I recently involved myself (as I'm apt to do) in a totally absurd argument about artistic genius, social influence, and individual effort over at Comicboards.com. (Yes, the familiar cliché about having to post message after message because "Someone is wrong on the internet!" does apply.) It basically amounted to someone claiming that, for example, Harry Potter is the creation of an individual genius that transcends issues of influence and cultural antecedents, and two others of us arguing that it's absolutely insipid to claim that Rowling acted in a vacuum and that Harry Potter could not have existed if, for example, Tolkien had never written Lord of the Rings. To anyone with a modicum of knowledge of social or cultural theory, this is hardly revolutionary - at its simplest level, our ability to communicate relies on our use of a symbolic order that precedes and exceeds us, and within which we are constantly acting and being acted upon.
To this other debater, though, this is an opportunity to invoke some of the stupidest and most underhanded means of declaring victory in an internet debate. So my issue isn't so much with this particular argument as it is with the sorts of strategies that she deployed in order to fake a "win". This list is incomplete (feel free to propose new items), but succinctly sums up the unfortunate turn that this discussion took in the past 24 hours or so:
1. The common sense victory - Reduce your position to an unfair, but totally undeniable, truism and assert that your opponent's disagreement with you equals a rejection of the truism. (For instance, assert that you're just supporting the artist, whose craft requires hard work and dedication (the truism), and that anyone who doubts the "wholly individual" genius of an artist lacks respect for that artist's enormous efforts.)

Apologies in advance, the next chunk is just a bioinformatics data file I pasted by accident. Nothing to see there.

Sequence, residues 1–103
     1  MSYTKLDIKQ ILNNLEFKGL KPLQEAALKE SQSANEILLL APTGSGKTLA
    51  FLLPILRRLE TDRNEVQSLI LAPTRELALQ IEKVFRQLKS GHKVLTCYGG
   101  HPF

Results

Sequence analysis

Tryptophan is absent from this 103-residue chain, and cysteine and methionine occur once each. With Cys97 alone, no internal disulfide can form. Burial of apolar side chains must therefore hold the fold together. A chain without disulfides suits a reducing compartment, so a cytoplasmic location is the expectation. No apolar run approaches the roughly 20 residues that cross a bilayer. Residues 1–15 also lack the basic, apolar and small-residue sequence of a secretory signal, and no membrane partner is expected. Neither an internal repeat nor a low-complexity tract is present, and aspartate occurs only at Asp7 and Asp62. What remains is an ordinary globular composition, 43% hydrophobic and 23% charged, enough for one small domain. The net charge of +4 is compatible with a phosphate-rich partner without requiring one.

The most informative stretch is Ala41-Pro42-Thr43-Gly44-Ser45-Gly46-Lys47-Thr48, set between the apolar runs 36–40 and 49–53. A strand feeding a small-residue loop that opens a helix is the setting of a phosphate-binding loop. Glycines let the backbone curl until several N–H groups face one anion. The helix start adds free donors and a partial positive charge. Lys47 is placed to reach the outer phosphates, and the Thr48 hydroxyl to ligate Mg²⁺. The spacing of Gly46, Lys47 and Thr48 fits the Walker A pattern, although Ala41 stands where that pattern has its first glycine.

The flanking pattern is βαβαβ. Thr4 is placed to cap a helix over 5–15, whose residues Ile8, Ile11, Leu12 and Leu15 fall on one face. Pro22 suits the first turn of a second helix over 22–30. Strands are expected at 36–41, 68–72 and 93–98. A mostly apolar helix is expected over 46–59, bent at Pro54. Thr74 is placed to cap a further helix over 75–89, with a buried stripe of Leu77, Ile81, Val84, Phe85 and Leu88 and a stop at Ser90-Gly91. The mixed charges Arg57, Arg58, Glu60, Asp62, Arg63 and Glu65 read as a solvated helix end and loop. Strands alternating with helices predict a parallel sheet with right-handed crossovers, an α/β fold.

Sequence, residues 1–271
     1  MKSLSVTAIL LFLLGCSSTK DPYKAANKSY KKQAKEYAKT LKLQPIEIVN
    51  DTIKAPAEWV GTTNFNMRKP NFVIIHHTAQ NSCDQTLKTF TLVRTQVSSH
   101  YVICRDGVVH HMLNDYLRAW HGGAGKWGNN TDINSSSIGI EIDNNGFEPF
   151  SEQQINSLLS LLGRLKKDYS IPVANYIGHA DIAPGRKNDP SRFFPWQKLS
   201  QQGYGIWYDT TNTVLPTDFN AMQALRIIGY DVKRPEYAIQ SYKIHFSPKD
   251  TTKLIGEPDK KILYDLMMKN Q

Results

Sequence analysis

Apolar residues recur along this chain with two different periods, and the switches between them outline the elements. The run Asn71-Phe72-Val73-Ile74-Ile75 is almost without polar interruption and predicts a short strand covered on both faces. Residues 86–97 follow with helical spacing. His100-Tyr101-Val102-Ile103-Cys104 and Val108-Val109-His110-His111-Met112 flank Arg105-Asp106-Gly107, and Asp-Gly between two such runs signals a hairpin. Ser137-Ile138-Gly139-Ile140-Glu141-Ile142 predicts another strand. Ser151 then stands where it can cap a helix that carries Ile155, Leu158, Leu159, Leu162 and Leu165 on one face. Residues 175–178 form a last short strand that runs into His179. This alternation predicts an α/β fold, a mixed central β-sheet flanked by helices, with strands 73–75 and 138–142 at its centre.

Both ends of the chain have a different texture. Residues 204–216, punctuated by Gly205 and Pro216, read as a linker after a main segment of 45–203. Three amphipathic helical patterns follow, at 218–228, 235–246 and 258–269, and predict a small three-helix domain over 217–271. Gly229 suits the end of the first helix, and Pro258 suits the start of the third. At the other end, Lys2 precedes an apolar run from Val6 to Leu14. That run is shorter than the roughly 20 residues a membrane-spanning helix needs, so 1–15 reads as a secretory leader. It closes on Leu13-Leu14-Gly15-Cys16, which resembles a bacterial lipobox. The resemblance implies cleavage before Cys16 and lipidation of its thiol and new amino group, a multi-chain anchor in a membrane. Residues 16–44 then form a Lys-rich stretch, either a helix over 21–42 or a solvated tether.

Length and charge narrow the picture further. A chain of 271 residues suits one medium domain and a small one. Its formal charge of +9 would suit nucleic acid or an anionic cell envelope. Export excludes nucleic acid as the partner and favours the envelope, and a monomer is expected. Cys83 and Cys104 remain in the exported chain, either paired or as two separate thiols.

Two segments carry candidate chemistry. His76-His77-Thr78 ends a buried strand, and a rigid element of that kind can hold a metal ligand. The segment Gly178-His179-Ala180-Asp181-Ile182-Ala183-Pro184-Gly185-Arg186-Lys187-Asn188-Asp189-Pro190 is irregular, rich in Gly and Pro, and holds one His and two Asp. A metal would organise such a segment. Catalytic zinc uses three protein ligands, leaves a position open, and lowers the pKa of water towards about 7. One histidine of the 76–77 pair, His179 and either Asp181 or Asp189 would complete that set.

2. The moral victory - Announce that you're walking away from the debate. (Bonus points for returning because you just couldn't let your opponent continue to get it wrong.)*
3. The victory in absentia - Mock one of your opponents in a forum that is restricted or to which s/he doesn't have access, but to which you know a number of other participants in the forum have access and will be able to witness your victory dance. (Bonus points for classiness if 3 follows directly after 2.)
4. The lowest-common denominator victory - If all else fails, play the intellectual laziness card by suggesting that your opponents' efforts to refute your argument - via various appeals to textual authority, social theory, and lived human experience, as well as their need to correct your theoretical errors - and refusal to agree with you is evidence of irrationality and a closed-mind. (This is especially effective if your opponent is right.)
5. The ad-hominem victory - Ignore all the arguments and poke fun at your opponent with a non sequitur or other incomprehensible and ostensibly humorous gesture in order to emphasize that while his/her seriousness is surely derived from insecurity and anxiety, you are so comfortable in the truth of your opinion that you can openly joke about it. (Although I'm lost on exactly what this one is supposed to accomplish and how it could fool anyone.)
It's incredibly difficult to do any of this offline - or, at least, to do without someone calling you on it immediately - but all too common online. And this is why I sometimes hate the internet.
*I am, of course, occasionally guilty of engaging in this one myself.